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Friday, 21 September, 2001, 20:05 GMT 21:05 UK
UN moots return of Afghan king
Taleban fighter
Preparations are underway to replace the Taleban
By Eurasia analysts Malcolm Haslett and Ian MacWilliam

President George W Bush has warned the Taleban authorities in Afghanistan to hand over the militant Osama bin Laden and his followers, or share in their fate.

Mohammed Zahir Shah, exiled Afghan King
Zahir Shah is being suggested as a possible leader
Behind the scenes, there are reports of diplomatic efforts by the United Nations and Washington to put together an Afghan coalition which could replace the Taleban as an alternative government for Afghanistan.

One possibility being mooted is that ex-king Mohammed Zahir Shah, who was overthrown by a coup in 1973, could be reinstated as the head of an interim administration.

Unity problems

As Afghanistan's war has dragged on, the idea of a broad-based interim government has often been raised as a first step towards peace and a permanent political settlement for the country.

But the idea has always foundered on the difficulty of getting Afghanistan's many ethnic and regional factions to work together.

Now the UN's special representative on Afghanistan, Francis Vendrell, is urging Washington and its European allies to bring moderate Afghans into a coalition aimed at replacing the Taleban in the event that the current crisis deals them a fatal blow.

The name of Zahir Shah, who is now 86 and living in exile in Rome, has once more been put forward as a possible figurehead for a moderate interim administration.

Reformist monarch

The idea of bringing a king back to power at the beginning of the 21st century sounds anachronistic, but during his 40-year rule King Zahir Shah emerged as a cautious moderniser and reformer.

Afghan old woman
Exhausted Afghans would grasp a chance of peace

In 1964 he introduced a new constitution providing for an elected parliament, political parties and freedom for the press.

The king also encouraged social reform, trying to improve the status of women.

But his innovation was hampered by traditionalists and by factionalism and the country's growing prosperity was not shared evenly.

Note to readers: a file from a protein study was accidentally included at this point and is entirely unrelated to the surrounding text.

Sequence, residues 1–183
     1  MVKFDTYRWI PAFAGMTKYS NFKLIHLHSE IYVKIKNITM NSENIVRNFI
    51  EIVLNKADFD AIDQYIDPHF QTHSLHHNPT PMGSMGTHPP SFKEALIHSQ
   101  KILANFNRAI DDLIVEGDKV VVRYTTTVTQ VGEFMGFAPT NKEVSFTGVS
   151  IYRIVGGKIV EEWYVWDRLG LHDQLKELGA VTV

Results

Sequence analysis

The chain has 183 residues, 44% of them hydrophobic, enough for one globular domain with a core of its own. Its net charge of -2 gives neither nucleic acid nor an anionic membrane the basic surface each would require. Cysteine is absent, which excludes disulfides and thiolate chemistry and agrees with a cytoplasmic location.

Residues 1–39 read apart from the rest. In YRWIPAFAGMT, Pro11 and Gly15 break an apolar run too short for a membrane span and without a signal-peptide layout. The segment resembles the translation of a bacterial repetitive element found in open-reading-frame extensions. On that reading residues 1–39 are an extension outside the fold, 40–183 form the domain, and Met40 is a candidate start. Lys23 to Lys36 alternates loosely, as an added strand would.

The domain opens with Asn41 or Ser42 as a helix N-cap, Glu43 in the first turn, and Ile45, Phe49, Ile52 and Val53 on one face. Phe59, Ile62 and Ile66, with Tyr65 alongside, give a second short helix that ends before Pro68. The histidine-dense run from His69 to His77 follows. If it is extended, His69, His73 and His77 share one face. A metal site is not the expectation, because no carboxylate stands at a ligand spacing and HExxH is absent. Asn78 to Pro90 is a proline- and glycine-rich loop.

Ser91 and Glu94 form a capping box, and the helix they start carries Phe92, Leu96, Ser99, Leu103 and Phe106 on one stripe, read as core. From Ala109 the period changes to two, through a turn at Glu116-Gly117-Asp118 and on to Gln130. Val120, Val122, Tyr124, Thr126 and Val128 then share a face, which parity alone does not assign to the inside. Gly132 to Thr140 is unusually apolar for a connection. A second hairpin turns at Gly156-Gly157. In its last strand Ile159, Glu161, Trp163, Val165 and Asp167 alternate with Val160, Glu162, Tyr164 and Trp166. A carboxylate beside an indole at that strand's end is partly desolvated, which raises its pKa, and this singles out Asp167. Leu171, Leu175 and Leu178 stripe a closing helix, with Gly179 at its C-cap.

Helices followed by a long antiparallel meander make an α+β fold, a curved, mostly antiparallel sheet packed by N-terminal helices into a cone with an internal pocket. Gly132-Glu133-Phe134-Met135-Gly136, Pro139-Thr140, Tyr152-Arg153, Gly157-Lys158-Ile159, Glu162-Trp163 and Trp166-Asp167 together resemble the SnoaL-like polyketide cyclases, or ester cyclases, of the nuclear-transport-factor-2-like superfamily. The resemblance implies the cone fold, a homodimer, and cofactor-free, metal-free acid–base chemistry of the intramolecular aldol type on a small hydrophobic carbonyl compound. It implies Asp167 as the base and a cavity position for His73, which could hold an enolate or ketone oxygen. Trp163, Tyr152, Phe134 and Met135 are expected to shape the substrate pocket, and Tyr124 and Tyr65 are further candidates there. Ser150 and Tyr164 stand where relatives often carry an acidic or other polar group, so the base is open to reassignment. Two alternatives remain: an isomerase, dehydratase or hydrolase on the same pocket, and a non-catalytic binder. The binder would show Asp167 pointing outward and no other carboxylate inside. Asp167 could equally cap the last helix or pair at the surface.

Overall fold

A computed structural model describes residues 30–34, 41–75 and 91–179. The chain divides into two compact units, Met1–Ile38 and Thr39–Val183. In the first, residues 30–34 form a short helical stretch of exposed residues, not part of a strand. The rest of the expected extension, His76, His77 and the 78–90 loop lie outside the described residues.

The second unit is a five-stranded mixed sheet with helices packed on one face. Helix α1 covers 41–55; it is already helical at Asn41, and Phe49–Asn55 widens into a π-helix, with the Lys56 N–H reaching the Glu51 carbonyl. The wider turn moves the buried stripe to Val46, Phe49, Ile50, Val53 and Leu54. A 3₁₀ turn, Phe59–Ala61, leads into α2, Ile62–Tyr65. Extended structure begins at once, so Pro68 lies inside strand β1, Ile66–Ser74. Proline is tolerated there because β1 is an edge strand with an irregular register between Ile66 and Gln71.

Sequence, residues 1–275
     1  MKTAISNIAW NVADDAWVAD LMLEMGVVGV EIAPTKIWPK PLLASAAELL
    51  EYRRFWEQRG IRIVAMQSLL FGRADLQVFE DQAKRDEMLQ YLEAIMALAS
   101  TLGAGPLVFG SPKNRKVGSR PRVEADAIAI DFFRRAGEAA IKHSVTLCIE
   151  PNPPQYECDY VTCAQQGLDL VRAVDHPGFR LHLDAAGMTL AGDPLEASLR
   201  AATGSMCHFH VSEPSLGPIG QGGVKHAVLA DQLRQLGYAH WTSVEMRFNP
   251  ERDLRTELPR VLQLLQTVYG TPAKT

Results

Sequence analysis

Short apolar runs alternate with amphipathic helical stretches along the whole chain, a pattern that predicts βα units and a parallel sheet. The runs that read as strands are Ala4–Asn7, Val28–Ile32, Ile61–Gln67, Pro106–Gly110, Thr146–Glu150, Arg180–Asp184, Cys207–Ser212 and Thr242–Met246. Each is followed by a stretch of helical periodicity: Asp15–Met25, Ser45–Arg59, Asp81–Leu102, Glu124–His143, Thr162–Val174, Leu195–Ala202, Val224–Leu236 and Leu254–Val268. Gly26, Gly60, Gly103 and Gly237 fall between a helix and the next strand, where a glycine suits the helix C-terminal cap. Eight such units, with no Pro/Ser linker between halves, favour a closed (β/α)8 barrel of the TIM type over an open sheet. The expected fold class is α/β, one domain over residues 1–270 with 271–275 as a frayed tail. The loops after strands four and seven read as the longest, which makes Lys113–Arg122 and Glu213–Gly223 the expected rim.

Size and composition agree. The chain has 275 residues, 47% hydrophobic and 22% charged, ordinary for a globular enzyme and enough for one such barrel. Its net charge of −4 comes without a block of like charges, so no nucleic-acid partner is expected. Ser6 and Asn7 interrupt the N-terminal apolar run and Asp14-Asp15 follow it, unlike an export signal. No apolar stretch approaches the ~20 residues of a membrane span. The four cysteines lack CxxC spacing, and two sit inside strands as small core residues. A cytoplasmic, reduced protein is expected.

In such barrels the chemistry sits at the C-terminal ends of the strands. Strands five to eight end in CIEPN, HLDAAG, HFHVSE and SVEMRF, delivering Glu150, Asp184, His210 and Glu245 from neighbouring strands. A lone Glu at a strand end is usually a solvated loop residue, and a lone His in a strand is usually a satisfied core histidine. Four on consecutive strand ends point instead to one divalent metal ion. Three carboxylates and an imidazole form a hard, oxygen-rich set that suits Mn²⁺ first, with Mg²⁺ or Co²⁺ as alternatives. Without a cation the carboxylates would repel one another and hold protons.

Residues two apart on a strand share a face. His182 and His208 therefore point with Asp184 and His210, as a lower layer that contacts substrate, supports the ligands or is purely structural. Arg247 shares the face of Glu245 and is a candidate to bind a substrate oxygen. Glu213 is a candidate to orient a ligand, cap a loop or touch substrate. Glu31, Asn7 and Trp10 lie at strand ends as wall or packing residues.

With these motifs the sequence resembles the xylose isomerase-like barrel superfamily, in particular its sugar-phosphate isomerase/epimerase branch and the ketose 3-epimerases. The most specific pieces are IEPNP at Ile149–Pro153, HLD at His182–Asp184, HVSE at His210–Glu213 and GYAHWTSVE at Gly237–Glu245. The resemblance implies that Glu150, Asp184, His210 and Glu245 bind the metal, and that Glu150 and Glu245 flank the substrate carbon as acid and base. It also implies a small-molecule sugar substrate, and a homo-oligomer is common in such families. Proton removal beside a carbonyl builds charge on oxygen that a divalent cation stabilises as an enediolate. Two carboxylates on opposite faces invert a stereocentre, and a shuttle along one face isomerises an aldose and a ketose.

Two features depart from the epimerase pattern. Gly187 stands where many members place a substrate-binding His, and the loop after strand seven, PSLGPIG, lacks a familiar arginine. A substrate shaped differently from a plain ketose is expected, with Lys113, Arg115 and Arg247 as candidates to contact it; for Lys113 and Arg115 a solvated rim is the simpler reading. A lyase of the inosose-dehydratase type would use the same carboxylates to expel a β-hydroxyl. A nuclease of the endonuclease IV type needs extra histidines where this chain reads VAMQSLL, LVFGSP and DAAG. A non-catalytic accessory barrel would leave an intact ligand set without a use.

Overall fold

Widely respected

In 1973, while he was abroad, the king was ousted by his left-wing cousin Mohammed Daoud and has lived in exile ever since.

If the Taleban were ever to lose control some see the king as the nearest thing there is in Afghanistan to a unifying figure.

Anti-US protests by Afghan supporters
A US imposed government would not be accepted

Though a Pashtun, his first language is Persian, and he is one of the few Afghan leaders who might be able to reconcile the Pashtu-dominated south with the non-Pashtuns in the north.

Despite an absence of almost 30 years he is still widely respected in the country, and much of the Afghan population, exhausted by the years of warfare, would grasp at any chance of a return of peace.

Most importantly, any political settlement under the aegis of the United Nations would win wide approval among ordinary Afghans, who would not want a government imposed by Washington, or any other foreign country.

 WATCH/LISTEN
 ON THIS STORY
Dr Zalmary Rasool, Adviser to Shah Zahir
"The king is putting himself on the side of all Afghans"
The BBC's Fiona Werge
"The 86 year old former King is seen as a possible unifying figure"
See also:

21 Sep 01 | Americas
Analysis: Bush rises to the occasion
21 Sep 01 | Americas
Text: Bush address to Congress
17 Sep 01 | South Asia
Afghanistan - a tough military option
21 Sep 01 | South Asia
Millions of Afghans face starvation
21 Sep 01 | Americas
Taleban face US wrath
21 Sep 01 | Americas
Q&A: Military options
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